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Call of the wild: le brame du cerf

This month and next listen for the bellowing of male deer in the forests of France as the rut is under way

THIS month (october) forested areas in France are resounding to the bellowing of male deer – le brame du cerf - and the clashing of antlers as the rutting season is under way.

Red deer stags are some of the largest animals in the country and until late this month or next they will roar and grunt out challenges to rival stags with the aim of attracting a harem of hinds.

Best heard just after dawn or just before dusk, the noise is spine-chilling, especially if you do not expect it – and scarcely less so if you got up deliberately early to hear it.

As the hinds are only in season for a short time, the stags must keep them together and stop rivals from sneaking in.

Young bucks circle the edges of the herd trying to mount females who comes close and the older stag is on perpetual look-out.

There is little time to feed and the dominant stag can lose 20% of its weight as it runs to face up to rivals, bellows constantly, gets involved in fights and has sex with as many as 30 hinds.

The roaring challenges will warn off any weaker or smaller stags but two equally matched males will take up the challenge. They walk in parallel and stamp the ground as they size each other up and calculate who is the stronger. They will even thrash the ground with their antlers so loose vegetation gathers in them and helps them to appear larger.

Fights start suddenly and with two sets of sharp antlers attacking each other are very dangerous – although it is not usually a fight to the death.

The sound of the antlers clashing resounds through the woods and then with their heads locked, the wily stag tries to get uphill to get advantage in a shoving match that can end as quickly as it began.

The bellowing can be heard for a long distance and stags can be spotted in clearings or on hillsides.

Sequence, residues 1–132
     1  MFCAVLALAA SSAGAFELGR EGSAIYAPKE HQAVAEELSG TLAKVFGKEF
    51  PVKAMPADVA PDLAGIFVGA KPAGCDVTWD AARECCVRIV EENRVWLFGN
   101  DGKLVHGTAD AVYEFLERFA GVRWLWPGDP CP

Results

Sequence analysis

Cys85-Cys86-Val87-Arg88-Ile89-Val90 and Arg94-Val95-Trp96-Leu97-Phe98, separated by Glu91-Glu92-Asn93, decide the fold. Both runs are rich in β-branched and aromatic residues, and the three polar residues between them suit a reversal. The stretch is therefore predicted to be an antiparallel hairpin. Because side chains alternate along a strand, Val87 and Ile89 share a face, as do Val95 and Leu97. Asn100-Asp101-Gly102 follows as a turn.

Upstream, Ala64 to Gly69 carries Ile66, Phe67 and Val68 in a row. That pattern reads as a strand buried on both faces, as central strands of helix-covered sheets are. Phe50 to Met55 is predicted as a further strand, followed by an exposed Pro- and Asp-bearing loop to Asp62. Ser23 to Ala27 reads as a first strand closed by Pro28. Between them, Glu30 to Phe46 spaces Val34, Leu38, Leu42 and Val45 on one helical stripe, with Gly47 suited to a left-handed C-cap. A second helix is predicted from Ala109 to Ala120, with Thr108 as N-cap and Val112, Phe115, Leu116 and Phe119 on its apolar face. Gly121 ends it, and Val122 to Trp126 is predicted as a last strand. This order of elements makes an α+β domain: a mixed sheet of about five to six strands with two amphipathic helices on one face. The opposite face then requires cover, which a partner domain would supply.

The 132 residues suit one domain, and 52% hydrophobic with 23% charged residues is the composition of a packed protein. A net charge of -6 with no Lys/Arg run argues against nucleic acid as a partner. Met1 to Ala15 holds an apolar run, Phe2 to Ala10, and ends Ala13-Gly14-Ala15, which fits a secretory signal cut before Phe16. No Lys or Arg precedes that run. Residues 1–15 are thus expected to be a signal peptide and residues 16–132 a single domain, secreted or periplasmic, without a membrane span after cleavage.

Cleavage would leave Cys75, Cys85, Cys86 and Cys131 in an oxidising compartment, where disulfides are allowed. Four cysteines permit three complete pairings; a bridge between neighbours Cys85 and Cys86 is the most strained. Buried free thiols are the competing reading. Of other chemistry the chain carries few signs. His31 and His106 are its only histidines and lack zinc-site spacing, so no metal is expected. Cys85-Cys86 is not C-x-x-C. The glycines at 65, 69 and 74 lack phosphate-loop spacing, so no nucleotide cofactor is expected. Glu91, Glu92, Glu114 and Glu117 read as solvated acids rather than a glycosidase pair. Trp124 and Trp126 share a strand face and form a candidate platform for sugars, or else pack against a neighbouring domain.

They can also easily be smelt as they have a habit of wallowing in their own urine to darken their hides and look more dominant; but the odour also helps the female come into season.

Do not try to get close to a rut or a stag as they are extremely aroused and aggressive and may attack. Research has shown stags’ testosterone levels can rise by 1,000 times during the rut and an attack could kill or maim.

Many organised events are held in forest parks across France by the Office National des Forêts and some such as Chambord or Rambouillet have listening points and ranger-led activities to find the best viewpoint. Look out for adverts or posters offering “sorties brame du cerf” and organised by the local LPO or other wildlife groups.

In Moselle, the Parc Sainte-Croix at Rhodes has been voted one of the best places to see and hear the rut as it has its own herd of around 60 deer and the many open spaces give easy sightlines. The park also has a contest for people to imitate the brame.

The hunting season is also under way so wear bright or fluorescent clothing and keep to marked paths if you are in the forest. Do not take dogs.

Photo: Parc Sainte-Croix/ Jean Lavergne

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